About 2 liters of fluid are excreted from our body every day. Moisture is released through the skin, urinary system, intestines and lungs; therefore, water supplies must be replenished in a timely manner, including so that dehydration does not occur (manifested by fatigue, muscle and headaches, thirst, in severe cases, loss of consciousness).

Drink water evenly throughout the day. You should not compensate for the loss of water with tea or coffee, because they have diuretic properties. It is necessary to drink without waiting for dry mouth, thirst (at this time dehydration has already occurred), do not drink a glass or a mug of water in one gulp – it is better to drink several times at regular intervals (including during breaks in work) sips. During heavy physical exertion, in hot climates and other conditions, there may be a need for increased consumption of drinking water, therefore, if there is no free access to drinking water, then during sports, in hiking conditions, when staying in conditions of high air temperature, etc. …it is necessary to have a sufficient amount of drinking water with you (do not use sugary carbonated drinks for this purpose, which supply the body with unnecessary additional amount of sugar and contribute to dehydration).

In nature, water plays an essential role. The water of oceans, seas, lakes, rivers and others (including artificially created reservoirs) plays a very important role in creating the global climate, as well as the climate of a particular area. Water plays a key role in the process of photosynthesis.Without water, plants would not be able to convert carbon dioxide into oxygen, which means that the air would be unfit for breathing.

Water is needed to provide a person with food (growing crops and animals, birds), for domestic needs, for personal hygiene, for the production of electricity, for heat supply (central heating) of residential, public buildings and industrial enterprises, for pest control / x crops, pathogens of infectious diseases (for disinfection), harmful insects (disinsection), to increase soil fertility when applying mineral fertilizers, etc.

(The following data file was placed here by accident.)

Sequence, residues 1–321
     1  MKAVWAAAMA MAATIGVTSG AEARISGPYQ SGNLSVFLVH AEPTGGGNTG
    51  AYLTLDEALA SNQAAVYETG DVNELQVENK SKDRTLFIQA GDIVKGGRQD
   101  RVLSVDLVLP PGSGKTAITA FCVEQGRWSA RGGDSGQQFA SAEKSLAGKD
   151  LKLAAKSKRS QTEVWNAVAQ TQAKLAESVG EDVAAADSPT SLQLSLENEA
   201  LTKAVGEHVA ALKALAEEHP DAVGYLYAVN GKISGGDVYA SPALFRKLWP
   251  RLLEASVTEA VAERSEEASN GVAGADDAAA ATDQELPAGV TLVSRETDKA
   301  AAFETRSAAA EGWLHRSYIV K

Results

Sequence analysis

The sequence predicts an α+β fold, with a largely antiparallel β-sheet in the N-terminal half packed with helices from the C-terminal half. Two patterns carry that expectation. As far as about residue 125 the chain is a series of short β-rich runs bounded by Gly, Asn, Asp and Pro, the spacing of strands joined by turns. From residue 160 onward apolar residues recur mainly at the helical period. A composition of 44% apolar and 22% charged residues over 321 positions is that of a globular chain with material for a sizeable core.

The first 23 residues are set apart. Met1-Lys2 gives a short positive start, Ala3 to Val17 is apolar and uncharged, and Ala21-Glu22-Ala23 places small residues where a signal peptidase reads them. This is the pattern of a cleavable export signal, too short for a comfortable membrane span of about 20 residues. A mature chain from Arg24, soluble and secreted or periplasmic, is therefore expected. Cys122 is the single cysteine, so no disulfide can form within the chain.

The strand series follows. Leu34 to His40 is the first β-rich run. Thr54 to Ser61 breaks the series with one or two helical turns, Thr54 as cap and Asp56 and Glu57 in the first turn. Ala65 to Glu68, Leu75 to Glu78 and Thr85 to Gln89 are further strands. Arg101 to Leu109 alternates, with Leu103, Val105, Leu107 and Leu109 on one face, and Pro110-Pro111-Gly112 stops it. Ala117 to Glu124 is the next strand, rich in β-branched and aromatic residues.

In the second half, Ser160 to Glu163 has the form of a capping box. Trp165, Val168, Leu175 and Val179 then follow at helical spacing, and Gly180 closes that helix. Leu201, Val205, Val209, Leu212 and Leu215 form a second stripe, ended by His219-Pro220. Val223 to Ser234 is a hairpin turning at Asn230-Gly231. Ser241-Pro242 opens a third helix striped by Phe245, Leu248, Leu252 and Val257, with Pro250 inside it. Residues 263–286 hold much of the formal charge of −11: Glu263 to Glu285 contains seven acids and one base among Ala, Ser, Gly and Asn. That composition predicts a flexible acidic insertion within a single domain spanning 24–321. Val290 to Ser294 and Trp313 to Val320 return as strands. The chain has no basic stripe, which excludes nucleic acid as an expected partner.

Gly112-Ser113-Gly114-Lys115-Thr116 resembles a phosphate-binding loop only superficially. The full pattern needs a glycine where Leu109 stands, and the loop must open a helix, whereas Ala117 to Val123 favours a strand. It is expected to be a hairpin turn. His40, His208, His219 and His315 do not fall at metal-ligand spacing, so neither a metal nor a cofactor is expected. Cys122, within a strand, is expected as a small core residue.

Access to water resources is an important factor in the life support of any state, and sometimes leads to conflicts (tribal, interstate – especially in deserts).

It is important for humanity not only to have access to drinking water, the waters of the world’s oceans, but also to preserve this priceless wealth!

FBUZ “Center for Hygiene and Epidemiology in the Voronezh Region”. 2019

Based on materials from the site: korotoyak.ru

Water is the source of life!

The importance of water for humans can hardly be overestimated, since each of us knows that the body of an adult is 70% water, which is present in all his tissues. This figure varies depending on the age of the person. If this is a newborn baby, then 80%, but over the years the figure drops to 75%. And by the end of life, the volume is 65-60%. Since ancient times, people have appreciated water, for its useful, unique, healing abilities , using baths , rubdowns, mineral baths, they worshiped it, giving it a special mysterious, magical meaning.In addition, a person without water, at the usual temperature of (16-23 degrees), will not be able to live even for 10 days.